We do not stop here, however, since Respawn, while not betraying the dictates of any real battle (a large map, the initial launch from above, the importance of looting), has included several intelligent ideas and opted for interesting variations . The 60 players of each match are in fact divided into 20 teams of three Legends each and already this cooperative component makes a lot of difference, considering the tactical implications that entails the presence of two companions to play with. In addition, each Legend, although devoid of the charisma and narrative background of the Heroes of Overwatch, is well characterized. Of course, initially there are only six (plus two to unlock) against the 21 Heroes of the Blizzard game at launch, but we are sure that Respawn (if the game continues to have this success) will add more and in any case you can already be satisfied. Each character has a classic role and offers three abilities, one of which is always available, one regulated by a cooldown and one that is particularly powerful to be used only when "fully loaded".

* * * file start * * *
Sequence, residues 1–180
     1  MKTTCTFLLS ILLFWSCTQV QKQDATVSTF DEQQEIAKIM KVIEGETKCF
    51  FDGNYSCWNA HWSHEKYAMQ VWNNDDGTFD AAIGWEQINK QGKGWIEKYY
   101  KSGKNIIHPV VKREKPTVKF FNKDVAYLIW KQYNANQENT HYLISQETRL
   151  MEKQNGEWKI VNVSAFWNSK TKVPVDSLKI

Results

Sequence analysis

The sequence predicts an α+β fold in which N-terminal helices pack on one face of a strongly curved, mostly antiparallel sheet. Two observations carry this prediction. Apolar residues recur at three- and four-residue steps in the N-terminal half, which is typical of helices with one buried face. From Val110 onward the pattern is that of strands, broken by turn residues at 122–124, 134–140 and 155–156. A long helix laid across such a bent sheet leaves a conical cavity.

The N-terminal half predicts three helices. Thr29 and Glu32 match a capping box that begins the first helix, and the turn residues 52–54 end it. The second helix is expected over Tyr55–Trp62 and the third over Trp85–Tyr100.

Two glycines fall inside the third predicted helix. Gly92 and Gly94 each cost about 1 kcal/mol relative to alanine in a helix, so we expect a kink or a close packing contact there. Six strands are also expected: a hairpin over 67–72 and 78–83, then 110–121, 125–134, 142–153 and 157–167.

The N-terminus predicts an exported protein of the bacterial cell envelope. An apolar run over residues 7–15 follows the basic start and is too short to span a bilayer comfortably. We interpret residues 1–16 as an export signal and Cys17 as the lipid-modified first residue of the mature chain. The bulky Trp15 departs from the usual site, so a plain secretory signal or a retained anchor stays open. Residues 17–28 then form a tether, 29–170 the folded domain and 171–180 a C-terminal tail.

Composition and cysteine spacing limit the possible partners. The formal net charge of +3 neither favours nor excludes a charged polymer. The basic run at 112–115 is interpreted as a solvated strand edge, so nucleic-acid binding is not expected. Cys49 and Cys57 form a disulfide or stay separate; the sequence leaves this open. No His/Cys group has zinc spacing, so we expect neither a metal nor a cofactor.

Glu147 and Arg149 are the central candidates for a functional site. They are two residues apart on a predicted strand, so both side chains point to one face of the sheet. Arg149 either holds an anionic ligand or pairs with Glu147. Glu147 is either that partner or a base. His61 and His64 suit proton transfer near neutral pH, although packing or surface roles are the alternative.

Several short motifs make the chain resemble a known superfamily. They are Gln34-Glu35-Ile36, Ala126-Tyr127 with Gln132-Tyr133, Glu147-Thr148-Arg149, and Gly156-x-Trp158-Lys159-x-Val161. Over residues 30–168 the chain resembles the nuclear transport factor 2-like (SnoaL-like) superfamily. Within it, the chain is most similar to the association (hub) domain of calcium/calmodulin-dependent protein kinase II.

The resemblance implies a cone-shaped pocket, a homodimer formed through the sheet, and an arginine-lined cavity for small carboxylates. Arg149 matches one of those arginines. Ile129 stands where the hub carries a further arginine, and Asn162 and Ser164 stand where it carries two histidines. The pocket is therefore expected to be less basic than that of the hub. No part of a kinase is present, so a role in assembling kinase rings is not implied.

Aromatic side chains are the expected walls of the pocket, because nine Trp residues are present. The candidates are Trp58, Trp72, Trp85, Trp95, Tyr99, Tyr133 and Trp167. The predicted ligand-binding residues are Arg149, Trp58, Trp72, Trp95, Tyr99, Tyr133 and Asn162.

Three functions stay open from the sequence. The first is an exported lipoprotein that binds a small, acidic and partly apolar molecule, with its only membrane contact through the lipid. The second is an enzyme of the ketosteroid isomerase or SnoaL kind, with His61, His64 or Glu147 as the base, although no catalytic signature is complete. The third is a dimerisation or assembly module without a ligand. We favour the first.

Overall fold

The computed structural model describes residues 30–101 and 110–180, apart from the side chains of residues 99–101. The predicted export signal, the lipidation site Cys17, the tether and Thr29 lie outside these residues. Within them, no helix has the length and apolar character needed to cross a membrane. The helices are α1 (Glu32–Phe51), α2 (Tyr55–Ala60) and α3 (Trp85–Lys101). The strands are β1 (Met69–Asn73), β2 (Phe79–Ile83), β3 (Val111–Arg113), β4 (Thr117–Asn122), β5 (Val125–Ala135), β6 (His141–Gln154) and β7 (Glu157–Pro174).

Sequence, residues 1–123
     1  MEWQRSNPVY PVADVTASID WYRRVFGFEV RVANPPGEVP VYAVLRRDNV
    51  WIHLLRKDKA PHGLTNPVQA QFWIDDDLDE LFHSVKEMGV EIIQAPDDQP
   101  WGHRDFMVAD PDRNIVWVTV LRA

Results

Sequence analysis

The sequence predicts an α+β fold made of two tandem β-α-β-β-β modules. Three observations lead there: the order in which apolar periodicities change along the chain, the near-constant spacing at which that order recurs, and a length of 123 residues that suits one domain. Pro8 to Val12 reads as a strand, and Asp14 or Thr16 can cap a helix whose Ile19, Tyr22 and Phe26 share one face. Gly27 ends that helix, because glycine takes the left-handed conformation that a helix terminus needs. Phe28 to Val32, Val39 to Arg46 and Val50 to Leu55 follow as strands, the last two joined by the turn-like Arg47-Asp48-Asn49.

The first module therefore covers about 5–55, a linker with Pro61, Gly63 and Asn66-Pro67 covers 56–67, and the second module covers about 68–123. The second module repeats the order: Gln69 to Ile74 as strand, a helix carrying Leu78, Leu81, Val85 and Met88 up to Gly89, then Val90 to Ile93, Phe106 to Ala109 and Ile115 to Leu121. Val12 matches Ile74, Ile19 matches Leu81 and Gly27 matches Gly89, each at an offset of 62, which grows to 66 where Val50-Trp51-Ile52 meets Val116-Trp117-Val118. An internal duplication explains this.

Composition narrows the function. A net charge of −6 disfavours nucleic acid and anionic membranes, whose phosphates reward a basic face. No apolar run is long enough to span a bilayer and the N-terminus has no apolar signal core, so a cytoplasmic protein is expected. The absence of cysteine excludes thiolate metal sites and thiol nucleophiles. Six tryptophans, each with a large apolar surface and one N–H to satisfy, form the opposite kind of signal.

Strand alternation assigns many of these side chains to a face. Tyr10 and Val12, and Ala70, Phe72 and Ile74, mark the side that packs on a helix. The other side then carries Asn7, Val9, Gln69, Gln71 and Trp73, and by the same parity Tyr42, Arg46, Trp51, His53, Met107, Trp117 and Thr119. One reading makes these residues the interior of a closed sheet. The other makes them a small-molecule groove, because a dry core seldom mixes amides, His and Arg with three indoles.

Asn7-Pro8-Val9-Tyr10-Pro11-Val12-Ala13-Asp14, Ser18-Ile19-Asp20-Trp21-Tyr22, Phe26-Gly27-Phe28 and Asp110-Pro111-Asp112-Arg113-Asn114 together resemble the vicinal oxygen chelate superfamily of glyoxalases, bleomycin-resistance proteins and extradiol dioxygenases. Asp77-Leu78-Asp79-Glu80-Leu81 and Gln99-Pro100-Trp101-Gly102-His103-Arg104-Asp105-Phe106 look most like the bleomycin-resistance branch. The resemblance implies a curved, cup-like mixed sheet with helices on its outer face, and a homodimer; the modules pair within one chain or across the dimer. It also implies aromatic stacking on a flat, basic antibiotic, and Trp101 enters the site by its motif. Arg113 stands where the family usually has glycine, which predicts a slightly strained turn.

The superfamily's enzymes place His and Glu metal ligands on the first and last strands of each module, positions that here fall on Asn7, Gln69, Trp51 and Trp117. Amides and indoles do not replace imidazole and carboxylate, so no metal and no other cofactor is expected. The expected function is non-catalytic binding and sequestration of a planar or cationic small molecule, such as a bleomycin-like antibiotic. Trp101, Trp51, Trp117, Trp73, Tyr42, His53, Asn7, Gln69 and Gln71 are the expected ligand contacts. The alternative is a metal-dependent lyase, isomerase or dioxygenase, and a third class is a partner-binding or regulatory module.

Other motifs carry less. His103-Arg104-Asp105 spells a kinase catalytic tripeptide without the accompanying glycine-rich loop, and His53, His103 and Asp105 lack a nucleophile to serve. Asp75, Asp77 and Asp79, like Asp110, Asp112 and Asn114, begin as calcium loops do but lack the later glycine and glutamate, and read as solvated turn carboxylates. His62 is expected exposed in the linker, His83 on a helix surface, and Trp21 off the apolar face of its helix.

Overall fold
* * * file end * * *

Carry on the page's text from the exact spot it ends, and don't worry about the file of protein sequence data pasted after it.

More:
Also this setting, which includes abilities such as escape portals, air attacks, super speed, drone drop to heal friends, look-alike to distract enemies and so on, allows to set rather deep tactics in the absence of Fortnite-style constructions. But there are also others found that work perfectly. For example, if an ally is put out of play, we can retrieve its identification plate from the loot and use it to resurrect it at a specific point on the map (but be careful not to be too exposed while doing it).

The Ping mechanic is also very successful and, in fact, can also replace the classic voice communication between the team members. It is basically a warning that comes to our friends when, with a special button, we indicate the position of an enemy, a loot or a place where we are going. This immediacy (always important in approaching a battle royale) is also found in the management of the inventory, made very immediate both by a color system, which makes it immediately clear whether it is worth collecting something or not, and by the combination instant between upgrades and their weapons to mount them on. All very streamlined (as they would say overseas) and fast and the step forward compared to a much more pachydermic approach such as PUBG is remarkable.